Asylum seekers sleeping rough in tents in Dublin say life under tarpaulin cover is better and safer than facing the risk of being deported by the UK to Rwanda.

As the UK government readies to start deporting migrants to Rwanda, some in the Irish capital say they arrived in recent days from the British province of Northern Ireland.

"I was so scared because maybe they will send us to Rwanda," Mohammed, a migrant from Afghanistan, told AFP outside the International Protection Office which handles asylum applications in Ireland.

Mohammed, 25, said he boarded a ferry from Liverpool in northwest England to Belfast in Northern Ireland on Sunday before travelling to Dublin by bus.

"Now I don't know what to do, there are no shelters, nothing, but at least I can feel safe," he said Tuesday, shortly after lodging an application inside the office.

The number of tents outside the building has grown to more than 100 in recent months after the Irish government stopped providing automatic accommodation to asylum seekers amid a worsening housing crisis and rising anti-immigration sentiment.

The authorities began another operation to clear the tents Wednesday and transfer those waiting to better accommodation, with toilets, showers, indoor areas providing food and round-the-clock security.

For desperate migrants like Mohammed, living in a tent is the least worst option.

- 'Not safe' -

"Back home it is all Taliban. If they send us to Rwanda I can't feel safe in the UK," he said.

"Why did I leave my country Afghanistan if they are going to send me over there?"

The controversial UK law, which has come under fire from the United Nations and rights groups, enables Britain to expel undocumented migrants to Rwanda, where they would be allowed to remain if their asylum applications are successful. They would not be allowed to return to Britain.

Lucas, an asylum-seeker from Nigeria who like Mohammed did not want to give his second name, said there had been an influx of arrivals from Northern Ireland in recent days "because of the Rwanda bill".

"Rwanda is not safe," he said, adding that he flew to Belfast before catching a bus south.

Last week Ireland's Justice Minister Helen McEntee said that more than 80 percent of those applying for asylum in the republic had come over the land border with Northern Ireland.

Foreign Minister Micheal Martin clarified Monday that the figure covered the "last year or two" and represented a shift away from migrants arriving at Irish ports and airports and claiming asylum there.

UK Prime Minister Rishi Sunak has claimed this is evidence that his government's contentious Rwanda plan is acting as a deterrent.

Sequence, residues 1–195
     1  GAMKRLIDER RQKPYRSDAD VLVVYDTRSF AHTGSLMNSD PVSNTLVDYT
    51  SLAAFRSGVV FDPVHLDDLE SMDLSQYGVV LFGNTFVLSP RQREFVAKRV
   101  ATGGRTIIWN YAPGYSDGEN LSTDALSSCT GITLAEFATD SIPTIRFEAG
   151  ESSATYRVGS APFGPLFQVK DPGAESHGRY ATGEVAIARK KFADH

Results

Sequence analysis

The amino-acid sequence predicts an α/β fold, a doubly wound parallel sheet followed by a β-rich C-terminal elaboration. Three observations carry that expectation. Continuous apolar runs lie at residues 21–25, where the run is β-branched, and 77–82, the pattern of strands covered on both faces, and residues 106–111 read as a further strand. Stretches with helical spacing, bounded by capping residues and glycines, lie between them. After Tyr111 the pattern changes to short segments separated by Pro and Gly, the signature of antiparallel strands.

Ireland's prime minister Simon Harris has warned that Dublin would take action to stem the influx, including deporting asylum seekers to the UK.

Ireland would not, he said, let other countries use it as a "loophole" for their own immigration policy.

But that has created a row with London, which insists that it will not accept returns from Ireland because, post-Brexit, European Union countries do not accept asylum seekers the UK wants to return there.

- 'Passing the buck' -

Irish media reported Monday that some 100 police will be deployed for "immigration enforcement duties" at the border with Northern Ireland.

Border infrastructure -- a frequent flashpoint in the three-decade sectarian conflict over British rule in Northern Ireland -- was removed as part of a 1998 peace deal.

Lucas said it was "good news" that the UK, which has yet to forcibly deport anyone to Rwanda, would not accept returns.

"We heard that the Irish want to send people back to the UK but that is not going to work, we are here to stay!" he added.

Amir Zeb, 39, from Pakistan, has camped outside the International Protection Office for a month and said the threat of being sent to Rwanda was a deterrent to staying in the UK.

"The UK asylum seeker people are coming to Ireland as people think that Ireland is better than the Rwanda life maybe," said Zeb, who travelled directly to Ireland from Bahrain.

"Rwanda seems like Pakistan or Afghanistan. It is a poor country like us, there is no facility or human rights," he said.

For Frank Harrison a pensioner walking by the site, Sunak's comments showed that the UK is "exporting" migrants.

"England is passing the buck, they are happy for them to come to Ireland," he said, looking at the long rows of tents.